Review: 'Godspell' at Purcell Marian brings Jesus' message to modern era

Life is full of choices. A single choice can determine the rest of a life. Even if we make the right decision, there is no guarantee that things will continue to be pleasant. This principle held true for the disciples when they were mocked, persecuted and most of them executed because they made the decision to follow Christ. Before His death and their persecution, Jesus poured much wisdom into them about the Kingdom of Heaven and the path to eternal life. Purcell Marian High School’s production of "Godspell"  was a whimsical, eye-catching and memorable story of Jesus’ wisdom and love shown to the disciples.

"Godspell"  was originally a book written by John-Michael Tebelak. The musical, written by Stephen Schwartz, has gotten the attention of many directors and has been performed by lots of casts including Carnegie Mellon University. There have also been many revivals such as the Broadway revival in 2012. It mainly exhibits the parables told in the Gospels of Matthew and Luke. The overall show captures the essence and purpose behind Jesus’ ministry. Purcell Marian did a great job of conveying those parables in a believable and meaningful way.

This production brought the excitement of "Godspell" into the audience and gave them an up close and personal experience. This kept everyone engaged and desirous to see what will happen next. The entire cast, as an ensemble, fed off one another’s energy. It was evident they were trying to exhibit a very powerful and clear-cut message in a fun and whimsical fashion.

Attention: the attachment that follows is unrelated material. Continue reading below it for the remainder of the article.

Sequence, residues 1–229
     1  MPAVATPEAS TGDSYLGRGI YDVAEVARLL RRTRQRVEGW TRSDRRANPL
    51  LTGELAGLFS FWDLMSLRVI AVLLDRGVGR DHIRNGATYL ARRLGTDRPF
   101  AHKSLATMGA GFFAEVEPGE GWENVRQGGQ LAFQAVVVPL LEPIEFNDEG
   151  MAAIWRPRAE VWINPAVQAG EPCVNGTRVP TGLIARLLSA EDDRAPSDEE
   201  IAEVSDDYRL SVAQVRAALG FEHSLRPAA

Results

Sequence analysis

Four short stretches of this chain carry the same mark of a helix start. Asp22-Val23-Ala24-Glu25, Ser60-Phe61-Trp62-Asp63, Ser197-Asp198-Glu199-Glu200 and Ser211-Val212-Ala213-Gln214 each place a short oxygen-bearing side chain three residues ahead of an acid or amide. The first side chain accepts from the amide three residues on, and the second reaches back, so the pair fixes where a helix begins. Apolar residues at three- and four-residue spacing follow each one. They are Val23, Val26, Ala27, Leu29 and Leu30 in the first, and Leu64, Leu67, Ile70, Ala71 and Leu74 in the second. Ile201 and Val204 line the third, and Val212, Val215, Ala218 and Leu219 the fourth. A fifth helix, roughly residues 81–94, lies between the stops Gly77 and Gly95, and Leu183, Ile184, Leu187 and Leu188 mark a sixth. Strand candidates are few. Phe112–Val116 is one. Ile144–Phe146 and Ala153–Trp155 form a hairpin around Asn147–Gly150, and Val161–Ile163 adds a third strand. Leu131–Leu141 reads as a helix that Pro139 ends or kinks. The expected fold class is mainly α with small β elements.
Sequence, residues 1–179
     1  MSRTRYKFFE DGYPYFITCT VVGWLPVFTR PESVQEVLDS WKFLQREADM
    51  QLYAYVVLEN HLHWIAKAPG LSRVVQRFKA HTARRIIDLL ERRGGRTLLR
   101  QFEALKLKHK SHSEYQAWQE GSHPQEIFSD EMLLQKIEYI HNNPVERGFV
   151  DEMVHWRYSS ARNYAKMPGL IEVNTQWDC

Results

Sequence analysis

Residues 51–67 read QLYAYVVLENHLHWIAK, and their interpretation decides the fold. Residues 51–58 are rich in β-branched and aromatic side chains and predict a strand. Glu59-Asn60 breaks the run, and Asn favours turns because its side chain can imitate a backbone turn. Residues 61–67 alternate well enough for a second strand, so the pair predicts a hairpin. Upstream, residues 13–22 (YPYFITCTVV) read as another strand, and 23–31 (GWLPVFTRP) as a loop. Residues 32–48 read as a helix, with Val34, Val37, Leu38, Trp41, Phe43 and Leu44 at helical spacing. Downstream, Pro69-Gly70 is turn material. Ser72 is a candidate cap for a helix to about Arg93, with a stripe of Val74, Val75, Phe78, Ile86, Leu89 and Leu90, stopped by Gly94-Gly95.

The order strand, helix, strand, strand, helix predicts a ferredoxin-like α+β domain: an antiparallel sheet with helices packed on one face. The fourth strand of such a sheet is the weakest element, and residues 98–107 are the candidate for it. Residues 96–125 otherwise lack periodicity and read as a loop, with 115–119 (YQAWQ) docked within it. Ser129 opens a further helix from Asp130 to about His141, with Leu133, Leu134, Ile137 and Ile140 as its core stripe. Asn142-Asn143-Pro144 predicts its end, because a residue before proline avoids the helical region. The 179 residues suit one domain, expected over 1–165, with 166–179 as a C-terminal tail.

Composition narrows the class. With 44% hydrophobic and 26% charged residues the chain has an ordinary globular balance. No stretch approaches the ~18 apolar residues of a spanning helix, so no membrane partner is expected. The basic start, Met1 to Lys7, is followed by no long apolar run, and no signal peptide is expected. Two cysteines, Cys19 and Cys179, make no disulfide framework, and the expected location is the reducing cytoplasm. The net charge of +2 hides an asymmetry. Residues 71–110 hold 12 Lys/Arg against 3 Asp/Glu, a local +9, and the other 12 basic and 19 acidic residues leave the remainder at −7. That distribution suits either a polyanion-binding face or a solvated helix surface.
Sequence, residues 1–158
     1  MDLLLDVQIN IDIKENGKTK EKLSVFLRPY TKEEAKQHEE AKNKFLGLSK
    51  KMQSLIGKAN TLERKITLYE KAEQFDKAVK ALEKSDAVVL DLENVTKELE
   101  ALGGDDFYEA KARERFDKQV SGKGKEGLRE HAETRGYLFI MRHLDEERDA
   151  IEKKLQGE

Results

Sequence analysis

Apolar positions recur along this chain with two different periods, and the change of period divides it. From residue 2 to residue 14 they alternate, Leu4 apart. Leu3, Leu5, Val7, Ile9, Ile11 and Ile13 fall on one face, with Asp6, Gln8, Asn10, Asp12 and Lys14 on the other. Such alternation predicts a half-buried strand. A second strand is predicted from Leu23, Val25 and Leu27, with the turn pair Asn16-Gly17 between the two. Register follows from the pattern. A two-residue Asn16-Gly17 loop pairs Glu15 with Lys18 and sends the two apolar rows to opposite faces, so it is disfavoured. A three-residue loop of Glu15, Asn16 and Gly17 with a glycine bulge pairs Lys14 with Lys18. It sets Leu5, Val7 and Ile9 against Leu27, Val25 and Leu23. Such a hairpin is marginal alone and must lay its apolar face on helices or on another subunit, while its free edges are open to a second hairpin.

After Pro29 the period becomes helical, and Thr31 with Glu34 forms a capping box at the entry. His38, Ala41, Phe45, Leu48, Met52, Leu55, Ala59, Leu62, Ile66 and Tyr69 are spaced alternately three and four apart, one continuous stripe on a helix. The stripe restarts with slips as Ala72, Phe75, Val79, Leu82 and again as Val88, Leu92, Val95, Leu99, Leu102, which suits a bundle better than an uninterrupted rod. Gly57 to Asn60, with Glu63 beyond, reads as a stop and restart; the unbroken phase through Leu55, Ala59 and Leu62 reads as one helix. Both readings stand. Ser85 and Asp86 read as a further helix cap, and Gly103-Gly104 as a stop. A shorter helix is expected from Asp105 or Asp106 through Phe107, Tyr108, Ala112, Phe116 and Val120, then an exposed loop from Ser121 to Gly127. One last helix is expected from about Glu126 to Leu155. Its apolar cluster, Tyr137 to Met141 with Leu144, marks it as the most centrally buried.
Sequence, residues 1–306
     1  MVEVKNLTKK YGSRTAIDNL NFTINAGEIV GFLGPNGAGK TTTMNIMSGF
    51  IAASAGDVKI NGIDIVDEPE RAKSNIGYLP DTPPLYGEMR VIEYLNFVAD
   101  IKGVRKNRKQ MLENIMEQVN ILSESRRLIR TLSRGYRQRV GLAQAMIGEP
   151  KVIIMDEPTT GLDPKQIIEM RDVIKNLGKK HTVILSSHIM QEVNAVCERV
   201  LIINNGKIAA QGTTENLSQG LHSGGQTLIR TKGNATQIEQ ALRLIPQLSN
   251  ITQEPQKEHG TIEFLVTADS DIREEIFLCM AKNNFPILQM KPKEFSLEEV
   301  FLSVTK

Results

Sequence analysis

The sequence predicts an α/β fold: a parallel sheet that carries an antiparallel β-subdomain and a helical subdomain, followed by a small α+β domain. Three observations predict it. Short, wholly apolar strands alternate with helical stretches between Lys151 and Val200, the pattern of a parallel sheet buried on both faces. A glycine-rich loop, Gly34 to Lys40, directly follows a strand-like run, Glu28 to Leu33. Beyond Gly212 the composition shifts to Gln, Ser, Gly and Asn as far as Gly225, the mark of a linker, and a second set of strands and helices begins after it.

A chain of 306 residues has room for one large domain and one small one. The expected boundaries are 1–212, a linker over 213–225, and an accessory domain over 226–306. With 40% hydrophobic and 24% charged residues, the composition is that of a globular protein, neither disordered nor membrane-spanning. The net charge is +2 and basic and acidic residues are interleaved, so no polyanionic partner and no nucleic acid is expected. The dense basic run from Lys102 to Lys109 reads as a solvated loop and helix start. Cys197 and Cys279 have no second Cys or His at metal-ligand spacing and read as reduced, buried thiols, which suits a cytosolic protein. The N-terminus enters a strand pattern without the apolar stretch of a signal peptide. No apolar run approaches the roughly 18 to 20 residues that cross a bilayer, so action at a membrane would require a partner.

Cian Steele played Jesus, and his riveting passion for this role left a personal effect on everyone. His honesty and talented singing voice was powerful enough to capture the hearts of many. Just as Jesus showed love, compassion and concern for his closest friends, Steele’s facial expressions and eye contact with each cast member made it very evident that he truly became this role. The fun he displayed on stage transferred to the audience.

Tyler Hausfeld played John the Baptist and Judas. His ability to switch from one character to a completely different one made him a very loveable actor. Cassidy Steele played Cassidy the Disciple, and her outgoing acting and solos made her standout from the rest of the ensemble. The boldness she displayed contributed greatly to the overall production. Jacob Lucas as the Jacob the Disciple made the parables more enjoyable and memorable with his quirky body language and facial expressions. His powerful yet warming vocals were definitely a crowd favorite.

Some technical aspects that really stood out were the costumes, sets and props. The decision to make the disciples come from his or her own time period and have their own style was very thoughtful. It portrayed how Jesus didn’t come for one race, culture or group of people. He came to save everyone because we are all loved and part of God’s Creation. Nobody is more special than anyone else in His eyes, which was portrayed very nicely in the costumes. The set and props fit right into the production and only added to its success.

Purcell Marian’s  production of "Godspell"  uniquely conveyed the message of the Gospel in a relevant and understandable way. It kept one wanting more and left one with a message to choose love and acceptance.

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